The Univeristy of Melbourne The Royal Melbourne Hopspital

A joint venture between The University of Melbourne and The Royal Melbourne Hospital


Research Projects

Project: Development and function of unconventional T cells

Godfrey Group

Unconventional T cells are innate-like cells that play critical roles in many disease settings such as combatting bacterial infection, promoting anti-viral and anti-tumour immunity, autoimmunity, enhancing vaccine efficacy, and promoting wound healing. Hence, their deficiencies are associated with impaired immunity in many of these settings. Critically, while unconventional T cells can be abundant, they numbers often vary widely, over orders of magnitude, between individuals.  Factors that govern this variability remain unclear. Thus, understanding the mechanisms that govern the numbers and function of these cells is necessary if we wish to modulate these cells, correct deficiencies, and harness their immunotherapeutic potential. This project will build on our expertise in mapping unconventional T cell development to decipher how distinct unconventional T cell subsets (including MAIT cells and gamma delta T cells) are generated and regulated, beginning with their thymic selection and subset differentiation, through to peripheral expansion and homeostasis. These questions will be addressed through immunology techniques involving cell culture, in vitro human development models, mouse models, multi-parameter flow cytometry and protein biochemistry.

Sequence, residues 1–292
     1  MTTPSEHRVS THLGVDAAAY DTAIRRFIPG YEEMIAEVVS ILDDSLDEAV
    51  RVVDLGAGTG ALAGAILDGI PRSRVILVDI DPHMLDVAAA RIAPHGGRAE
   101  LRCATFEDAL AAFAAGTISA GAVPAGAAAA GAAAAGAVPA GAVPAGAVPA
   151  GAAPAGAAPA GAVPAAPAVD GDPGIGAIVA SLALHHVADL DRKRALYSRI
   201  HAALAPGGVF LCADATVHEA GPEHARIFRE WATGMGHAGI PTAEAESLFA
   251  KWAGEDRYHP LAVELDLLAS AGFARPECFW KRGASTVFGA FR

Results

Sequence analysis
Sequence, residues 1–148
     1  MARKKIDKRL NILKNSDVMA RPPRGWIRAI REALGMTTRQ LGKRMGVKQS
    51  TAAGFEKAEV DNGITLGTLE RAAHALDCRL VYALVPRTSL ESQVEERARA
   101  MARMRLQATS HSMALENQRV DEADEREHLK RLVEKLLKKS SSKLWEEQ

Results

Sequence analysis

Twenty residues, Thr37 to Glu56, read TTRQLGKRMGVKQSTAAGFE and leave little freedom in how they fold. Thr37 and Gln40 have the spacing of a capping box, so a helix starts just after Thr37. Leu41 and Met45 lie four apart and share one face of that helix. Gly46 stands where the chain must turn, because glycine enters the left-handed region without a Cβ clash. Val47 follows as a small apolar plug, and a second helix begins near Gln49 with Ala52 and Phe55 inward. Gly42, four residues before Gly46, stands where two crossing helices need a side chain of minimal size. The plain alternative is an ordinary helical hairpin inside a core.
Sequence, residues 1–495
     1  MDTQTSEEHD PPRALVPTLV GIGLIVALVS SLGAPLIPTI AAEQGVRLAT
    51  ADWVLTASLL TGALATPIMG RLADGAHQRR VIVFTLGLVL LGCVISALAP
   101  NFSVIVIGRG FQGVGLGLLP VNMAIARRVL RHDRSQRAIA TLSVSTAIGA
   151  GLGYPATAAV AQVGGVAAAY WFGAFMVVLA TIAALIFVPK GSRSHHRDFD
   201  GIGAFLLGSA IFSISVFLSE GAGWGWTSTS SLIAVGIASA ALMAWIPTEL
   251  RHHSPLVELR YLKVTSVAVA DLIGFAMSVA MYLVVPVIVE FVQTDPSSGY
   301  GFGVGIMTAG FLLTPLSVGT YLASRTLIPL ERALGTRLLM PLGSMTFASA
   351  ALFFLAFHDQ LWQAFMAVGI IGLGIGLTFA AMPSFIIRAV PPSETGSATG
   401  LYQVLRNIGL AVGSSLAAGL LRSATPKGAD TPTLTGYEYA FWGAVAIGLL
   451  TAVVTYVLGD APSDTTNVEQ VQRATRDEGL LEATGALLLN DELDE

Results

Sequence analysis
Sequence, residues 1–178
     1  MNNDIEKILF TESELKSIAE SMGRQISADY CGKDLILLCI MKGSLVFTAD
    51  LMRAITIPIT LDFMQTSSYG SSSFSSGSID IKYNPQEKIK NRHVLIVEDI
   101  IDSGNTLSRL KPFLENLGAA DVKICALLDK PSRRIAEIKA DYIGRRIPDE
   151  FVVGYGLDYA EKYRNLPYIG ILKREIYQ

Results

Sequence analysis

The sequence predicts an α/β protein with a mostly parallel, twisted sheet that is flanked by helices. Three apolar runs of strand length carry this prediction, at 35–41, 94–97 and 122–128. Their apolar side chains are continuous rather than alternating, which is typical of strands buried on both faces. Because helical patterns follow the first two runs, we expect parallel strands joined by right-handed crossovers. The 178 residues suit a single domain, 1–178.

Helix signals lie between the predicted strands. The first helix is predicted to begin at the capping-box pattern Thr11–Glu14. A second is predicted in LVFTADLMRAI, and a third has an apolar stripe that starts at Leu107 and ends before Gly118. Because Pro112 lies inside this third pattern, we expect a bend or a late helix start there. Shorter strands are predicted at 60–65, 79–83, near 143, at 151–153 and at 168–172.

Contact project supervisor for further
information and application enquiries

Project Supervisor

Dr Fern Koay

Project Co-supervisor

Professor Dale Godfrey

Project availability
Master of Biomedical Science

Godfrey Group

4 vacancies

Cross Cutting Disciplines

The Godfrey Lab has a strong track record in the field of unconventional T cells with a focus on CD1 restricted T cells (NKT cells); MR1-restricted T cells (MAIT cells) and gamma delta T cells (1, 2, 3). These cells play a key role in many different diseases. More recently, we are also examining the role that these and other immune cells play in COVID-19 disease. The ultimate aim of this research is to understand the mechanisms with which these unconventional T cell populations specifically contribute to the immune response and how they can be harnessed for immunotherapy.

  1. Godfrey, D.I., Koay, H.F., McCluskey, J. & Gherardin, N.A. The biology and functional importance of MAIT cells. Nature immunology 20, 1110-1128 (2019).
  2. Godfrey, D.I., Le Nours, J., Andrews, D.M., Uldrich, A.P. & Rossjohn, J. Unconventional T Cell Targets for Cancer Immunotherapy. Immunity 48, 453-473 (2018).
  3. Godfrey, D.I., Uldrich, A.P., McCluskey, J., Rossjohn, J. & Moody, D.B. The burgeoning family of unconventional T cells. Nature immunology 16, 1114-1123 (2015).


Godfrey Group Current Projects